DVSA Traffic Enforcement deals with commercial vehicles and their drivers, ensuring the vehicles are roadworthy, not overweight etc, and that driver hours are correct (amongst other things). They will direct vehicles to follow them to weigh bridges and testing sites to do so - and in some areas, Highways England Traffic Officers perform the same task on behalf of the DVSA, limited only to pulling in the vehicles, for DVSA officers to then carry out the checks.
Traffic Officers patrol the strategic road network, that being the motorways and major dual carriageways (not all dual carriageways).
Traffic Officers will respond in some capacity to any incident or problem, the extent of their involvement dependant on the nature of the incident. The obvious things being breakdowns, collisions, debris and obstructions, infrastructure defects, pedestrians and animals. The main priority of traffic officers is to keep the road clear, by removing the breakdowns, damaged vehicles and other obstructions as quickly as possible. When that isn’t possible (perhaps due to necessary police investigations) they will close lanes, carriageways or entire roads and direct traffic around or away from the problem. The same applies when something can’t be moved, like a vehicle stuck in gear or in “park” - although new kit is being introduced that will help get round those problems. They will upright and clear overturned vehicles, or failing that, drag them on their roofs if necessary, and if none of that is possible, arrange for appropriate recovery services.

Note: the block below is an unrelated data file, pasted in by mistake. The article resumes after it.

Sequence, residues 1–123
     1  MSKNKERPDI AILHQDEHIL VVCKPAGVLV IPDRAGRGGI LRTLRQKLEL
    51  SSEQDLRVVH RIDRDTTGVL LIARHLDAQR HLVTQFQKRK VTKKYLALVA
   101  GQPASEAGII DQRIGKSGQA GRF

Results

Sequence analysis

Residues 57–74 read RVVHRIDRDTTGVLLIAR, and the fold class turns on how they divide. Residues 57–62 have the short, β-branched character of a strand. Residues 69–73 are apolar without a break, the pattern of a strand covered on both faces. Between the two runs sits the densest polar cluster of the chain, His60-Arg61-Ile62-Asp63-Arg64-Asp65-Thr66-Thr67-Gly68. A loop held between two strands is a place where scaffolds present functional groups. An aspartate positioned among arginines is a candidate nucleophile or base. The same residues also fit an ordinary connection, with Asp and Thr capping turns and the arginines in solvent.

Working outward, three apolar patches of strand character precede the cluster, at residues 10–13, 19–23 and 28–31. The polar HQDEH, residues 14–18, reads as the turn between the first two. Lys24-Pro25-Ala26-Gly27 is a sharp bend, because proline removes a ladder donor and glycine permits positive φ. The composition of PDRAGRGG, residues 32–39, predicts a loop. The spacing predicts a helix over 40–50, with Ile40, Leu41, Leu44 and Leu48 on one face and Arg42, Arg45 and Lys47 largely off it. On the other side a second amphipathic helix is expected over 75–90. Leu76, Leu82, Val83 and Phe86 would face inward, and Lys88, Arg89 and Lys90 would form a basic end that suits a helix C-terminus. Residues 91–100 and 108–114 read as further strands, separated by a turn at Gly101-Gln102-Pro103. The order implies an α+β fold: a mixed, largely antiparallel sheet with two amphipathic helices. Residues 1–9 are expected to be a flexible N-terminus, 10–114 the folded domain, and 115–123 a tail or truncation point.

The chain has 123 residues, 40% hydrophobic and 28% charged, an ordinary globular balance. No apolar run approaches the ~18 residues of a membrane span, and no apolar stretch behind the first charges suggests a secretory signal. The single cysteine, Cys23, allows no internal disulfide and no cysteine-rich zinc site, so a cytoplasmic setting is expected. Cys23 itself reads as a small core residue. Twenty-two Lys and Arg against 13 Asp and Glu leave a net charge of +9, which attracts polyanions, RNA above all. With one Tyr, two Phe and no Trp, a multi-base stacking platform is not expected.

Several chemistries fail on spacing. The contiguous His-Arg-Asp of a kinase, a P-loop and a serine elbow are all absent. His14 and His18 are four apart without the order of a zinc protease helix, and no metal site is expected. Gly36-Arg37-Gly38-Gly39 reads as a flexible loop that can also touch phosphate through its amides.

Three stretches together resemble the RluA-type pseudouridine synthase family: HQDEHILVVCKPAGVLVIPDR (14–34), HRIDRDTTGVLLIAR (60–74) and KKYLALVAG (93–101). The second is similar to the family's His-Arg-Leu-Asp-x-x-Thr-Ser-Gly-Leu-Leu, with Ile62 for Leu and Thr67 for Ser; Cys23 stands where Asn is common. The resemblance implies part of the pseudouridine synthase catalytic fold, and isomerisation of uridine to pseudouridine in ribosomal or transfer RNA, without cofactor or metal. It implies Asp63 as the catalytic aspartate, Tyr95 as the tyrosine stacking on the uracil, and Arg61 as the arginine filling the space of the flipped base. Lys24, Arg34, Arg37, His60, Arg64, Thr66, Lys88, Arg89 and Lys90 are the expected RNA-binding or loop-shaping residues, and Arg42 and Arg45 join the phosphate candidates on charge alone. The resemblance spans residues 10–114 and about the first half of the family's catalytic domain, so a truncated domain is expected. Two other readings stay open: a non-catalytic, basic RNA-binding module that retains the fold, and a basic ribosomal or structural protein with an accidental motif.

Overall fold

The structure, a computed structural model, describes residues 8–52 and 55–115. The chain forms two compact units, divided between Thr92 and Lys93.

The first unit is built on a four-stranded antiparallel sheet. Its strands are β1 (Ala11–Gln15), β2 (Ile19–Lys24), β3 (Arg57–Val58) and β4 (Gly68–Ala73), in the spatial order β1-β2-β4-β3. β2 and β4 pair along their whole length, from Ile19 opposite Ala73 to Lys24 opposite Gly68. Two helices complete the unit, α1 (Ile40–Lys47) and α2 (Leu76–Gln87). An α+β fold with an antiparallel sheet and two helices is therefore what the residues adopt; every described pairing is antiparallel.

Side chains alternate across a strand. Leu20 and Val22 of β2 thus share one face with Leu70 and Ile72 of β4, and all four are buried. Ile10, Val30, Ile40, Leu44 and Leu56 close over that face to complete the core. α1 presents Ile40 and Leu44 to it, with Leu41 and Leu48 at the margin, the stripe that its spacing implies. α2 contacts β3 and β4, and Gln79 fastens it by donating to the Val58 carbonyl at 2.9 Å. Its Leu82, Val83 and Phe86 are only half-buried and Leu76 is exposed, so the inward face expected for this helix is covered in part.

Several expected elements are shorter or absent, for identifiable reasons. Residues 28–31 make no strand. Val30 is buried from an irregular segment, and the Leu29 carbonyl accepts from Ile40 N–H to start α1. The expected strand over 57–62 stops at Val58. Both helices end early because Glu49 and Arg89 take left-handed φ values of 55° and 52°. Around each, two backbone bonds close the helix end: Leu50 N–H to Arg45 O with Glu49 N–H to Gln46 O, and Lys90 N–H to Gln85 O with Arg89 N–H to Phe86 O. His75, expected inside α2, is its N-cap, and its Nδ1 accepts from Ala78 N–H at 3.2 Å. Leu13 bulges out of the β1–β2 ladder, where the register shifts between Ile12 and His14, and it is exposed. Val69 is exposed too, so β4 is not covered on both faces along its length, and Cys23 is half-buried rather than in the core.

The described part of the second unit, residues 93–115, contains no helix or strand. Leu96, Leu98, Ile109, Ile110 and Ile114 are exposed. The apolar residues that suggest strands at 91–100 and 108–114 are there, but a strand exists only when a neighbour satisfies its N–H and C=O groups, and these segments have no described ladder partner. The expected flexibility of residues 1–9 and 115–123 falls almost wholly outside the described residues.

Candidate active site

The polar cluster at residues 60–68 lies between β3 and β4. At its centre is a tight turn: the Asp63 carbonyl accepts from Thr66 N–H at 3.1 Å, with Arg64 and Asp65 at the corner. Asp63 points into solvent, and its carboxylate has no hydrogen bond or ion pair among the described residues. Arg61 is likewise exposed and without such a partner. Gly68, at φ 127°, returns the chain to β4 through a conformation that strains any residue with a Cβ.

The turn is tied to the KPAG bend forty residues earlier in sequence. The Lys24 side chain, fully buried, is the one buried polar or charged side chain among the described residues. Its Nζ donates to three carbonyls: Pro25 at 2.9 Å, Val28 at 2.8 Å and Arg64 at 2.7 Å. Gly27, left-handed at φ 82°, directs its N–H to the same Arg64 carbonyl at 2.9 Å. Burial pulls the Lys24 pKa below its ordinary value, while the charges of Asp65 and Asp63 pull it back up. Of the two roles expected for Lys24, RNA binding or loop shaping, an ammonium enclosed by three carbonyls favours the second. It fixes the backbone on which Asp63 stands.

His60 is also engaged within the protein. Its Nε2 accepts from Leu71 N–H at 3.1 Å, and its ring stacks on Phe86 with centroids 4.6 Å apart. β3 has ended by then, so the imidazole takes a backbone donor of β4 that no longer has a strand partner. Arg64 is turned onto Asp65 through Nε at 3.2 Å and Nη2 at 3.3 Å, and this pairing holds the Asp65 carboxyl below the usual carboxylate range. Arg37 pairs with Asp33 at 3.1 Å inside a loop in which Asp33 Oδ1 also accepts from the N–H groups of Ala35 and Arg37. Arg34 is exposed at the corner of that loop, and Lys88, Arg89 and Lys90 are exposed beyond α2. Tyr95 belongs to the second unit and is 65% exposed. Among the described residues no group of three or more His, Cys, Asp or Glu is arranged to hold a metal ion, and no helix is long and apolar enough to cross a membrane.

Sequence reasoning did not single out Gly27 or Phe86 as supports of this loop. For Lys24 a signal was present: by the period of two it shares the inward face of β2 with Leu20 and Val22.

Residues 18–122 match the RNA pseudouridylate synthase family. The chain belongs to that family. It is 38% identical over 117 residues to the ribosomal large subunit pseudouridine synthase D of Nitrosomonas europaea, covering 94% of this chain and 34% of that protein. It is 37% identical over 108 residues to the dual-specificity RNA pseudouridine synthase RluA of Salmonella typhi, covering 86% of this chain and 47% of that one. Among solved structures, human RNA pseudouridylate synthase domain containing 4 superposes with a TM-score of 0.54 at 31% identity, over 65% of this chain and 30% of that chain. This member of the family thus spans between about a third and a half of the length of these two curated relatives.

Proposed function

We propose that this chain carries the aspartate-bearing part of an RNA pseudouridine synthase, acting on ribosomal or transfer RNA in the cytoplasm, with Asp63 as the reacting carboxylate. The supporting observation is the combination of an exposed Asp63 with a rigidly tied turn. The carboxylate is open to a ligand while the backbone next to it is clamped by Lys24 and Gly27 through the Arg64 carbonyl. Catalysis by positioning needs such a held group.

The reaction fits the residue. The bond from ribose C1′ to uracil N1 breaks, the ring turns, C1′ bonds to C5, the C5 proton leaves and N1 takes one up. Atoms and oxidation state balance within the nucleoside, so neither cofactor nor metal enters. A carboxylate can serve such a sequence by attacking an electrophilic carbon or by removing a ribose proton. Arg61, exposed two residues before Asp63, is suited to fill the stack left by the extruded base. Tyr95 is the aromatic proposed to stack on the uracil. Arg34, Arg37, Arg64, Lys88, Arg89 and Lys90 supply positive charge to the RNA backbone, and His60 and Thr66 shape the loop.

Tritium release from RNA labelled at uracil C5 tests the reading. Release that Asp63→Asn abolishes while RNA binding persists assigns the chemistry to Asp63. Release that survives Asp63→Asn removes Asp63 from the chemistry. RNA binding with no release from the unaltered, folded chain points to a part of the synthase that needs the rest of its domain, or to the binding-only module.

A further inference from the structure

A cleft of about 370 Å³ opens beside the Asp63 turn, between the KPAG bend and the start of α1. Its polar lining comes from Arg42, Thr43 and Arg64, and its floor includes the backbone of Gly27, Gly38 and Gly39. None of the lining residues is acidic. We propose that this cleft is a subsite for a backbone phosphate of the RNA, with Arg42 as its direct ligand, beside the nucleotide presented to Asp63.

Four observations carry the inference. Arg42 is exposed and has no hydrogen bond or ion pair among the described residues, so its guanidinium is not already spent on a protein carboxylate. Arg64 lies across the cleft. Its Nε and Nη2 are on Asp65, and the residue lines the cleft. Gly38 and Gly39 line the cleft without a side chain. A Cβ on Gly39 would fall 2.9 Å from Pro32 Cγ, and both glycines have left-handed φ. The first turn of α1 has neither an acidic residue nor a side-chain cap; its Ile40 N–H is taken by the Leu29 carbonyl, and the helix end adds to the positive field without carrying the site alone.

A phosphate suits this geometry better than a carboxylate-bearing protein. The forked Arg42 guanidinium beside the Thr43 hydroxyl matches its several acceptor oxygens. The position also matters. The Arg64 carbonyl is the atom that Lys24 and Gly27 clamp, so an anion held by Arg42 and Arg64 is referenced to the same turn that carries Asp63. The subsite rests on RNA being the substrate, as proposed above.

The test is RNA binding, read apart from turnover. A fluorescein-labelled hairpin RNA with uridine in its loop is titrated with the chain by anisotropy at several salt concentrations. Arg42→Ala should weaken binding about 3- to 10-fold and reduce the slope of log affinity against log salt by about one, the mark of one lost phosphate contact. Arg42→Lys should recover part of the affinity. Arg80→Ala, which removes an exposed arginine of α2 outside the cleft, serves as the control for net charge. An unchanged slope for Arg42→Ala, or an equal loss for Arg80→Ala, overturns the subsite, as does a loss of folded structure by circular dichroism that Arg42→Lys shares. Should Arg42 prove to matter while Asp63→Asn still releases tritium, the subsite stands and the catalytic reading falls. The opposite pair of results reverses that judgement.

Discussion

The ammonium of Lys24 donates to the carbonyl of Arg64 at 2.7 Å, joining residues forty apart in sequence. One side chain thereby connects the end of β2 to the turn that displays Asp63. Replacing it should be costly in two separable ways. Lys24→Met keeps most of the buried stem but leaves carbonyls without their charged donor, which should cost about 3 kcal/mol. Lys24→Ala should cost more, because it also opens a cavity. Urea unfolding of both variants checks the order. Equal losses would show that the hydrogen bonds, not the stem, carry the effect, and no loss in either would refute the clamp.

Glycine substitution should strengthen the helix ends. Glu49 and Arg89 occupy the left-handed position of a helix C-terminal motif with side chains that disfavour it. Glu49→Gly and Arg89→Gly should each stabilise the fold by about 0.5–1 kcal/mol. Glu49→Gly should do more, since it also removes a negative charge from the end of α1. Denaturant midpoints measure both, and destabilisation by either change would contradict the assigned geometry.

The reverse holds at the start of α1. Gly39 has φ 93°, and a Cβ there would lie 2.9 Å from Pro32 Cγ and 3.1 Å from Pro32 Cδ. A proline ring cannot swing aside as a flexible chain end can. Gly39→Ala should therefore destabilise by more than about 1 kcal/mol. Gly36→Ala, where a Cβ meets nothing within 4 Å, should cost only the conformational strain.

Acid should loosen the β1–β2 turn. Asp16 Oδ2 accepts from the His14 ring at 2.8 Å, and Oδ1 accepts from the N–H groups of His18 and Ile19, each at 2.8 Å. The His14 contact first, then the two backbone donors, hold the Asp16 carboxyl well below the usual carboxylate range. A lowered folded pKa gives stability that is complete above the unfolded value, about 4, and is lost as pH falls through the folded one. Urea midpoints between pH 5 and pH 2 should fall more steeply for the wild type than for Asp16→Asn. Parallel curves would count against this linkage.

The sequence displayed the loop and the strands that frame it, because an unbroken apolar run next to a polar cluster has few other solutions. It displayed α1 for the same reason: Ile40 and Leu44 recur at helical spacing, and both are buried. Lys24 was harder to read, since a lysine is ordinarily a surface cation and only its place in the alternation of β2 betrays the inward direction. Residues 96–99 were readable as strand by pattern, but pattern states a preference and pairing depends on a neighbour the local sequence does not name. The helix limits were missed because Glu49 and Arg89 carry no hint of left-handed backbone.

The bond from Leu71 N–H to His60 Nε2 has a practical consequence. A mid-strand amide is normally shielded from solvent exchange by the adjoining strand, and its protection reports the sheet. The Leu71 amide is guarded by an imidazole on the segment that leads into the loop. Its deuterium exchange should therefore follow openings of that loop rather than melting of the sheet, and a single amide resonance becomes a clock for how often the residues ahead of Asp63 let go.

When there is a serious incident, they will also clear traffic that is trapped between a closure and an incident scene (by turning it all around and finding a new route for it).
Other than lane closures, temporary mobile closures, known as rolling road blocks, are used to create clear road space while a problem is cleared up (moving vehicles, mopping up spills, repairing faults etc).
Because clearing the road is the priority, they have the means to tow pretty much any vehicle, up to and including 44 tonne LGVs.
They are trained in emergency first aid and trauma care, and carry defibrillators as well first aid kits. Traffic Officers cannot exceed speed limits, but do have some exemptions, such as passing a red X signal, crossing solid white lines and driving (or reversing) on hard shoulders. The vehicles will display red and amber lights to the rear, and amber at the front with alternating headlamp flash, to make progress through traffic, and although no sirens, they do have a bull horn for the same reason. If you hear the horn, and see amber lights and flashing headlamps behind you, they’re trying to reach (and clear up) an incident ahead of you - so treat it like a blue light vehicle and make room for them to pass as best is possible.
Traffic Officers don’t carry tools, water or fuel, and won’t make repairs, that is for breakdown and recovery services once the vehicles are cleared to a safe place.
Both DVSA and HE Traffic Officers have the same legal powers as the Police in regards to directing and managing traffic for the purposes of their roles, and it’s a criminal offence to disregard their instructions. For example, failing to stop when directed, or passing a rolling road block can result in points on you licence and significant fine - and not through fixed penalties, it’ll be an appearance in court.